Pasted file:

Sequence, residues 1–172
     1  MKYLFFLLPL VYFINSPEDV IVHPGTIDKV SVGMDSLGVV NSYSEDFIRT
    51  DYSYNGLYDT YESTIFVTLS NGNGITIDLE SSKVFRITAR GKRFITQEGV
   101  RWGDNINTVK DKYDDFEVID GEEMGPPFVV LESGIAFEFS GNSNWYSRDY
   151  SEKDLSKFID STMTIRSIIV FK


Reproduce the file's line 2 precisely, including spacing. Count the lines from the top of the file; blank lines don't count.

     1  MKYLFFLLPL VYFINSPEDV IVHPGTIDKV SVGMDSLGVV NSYSEDFIRT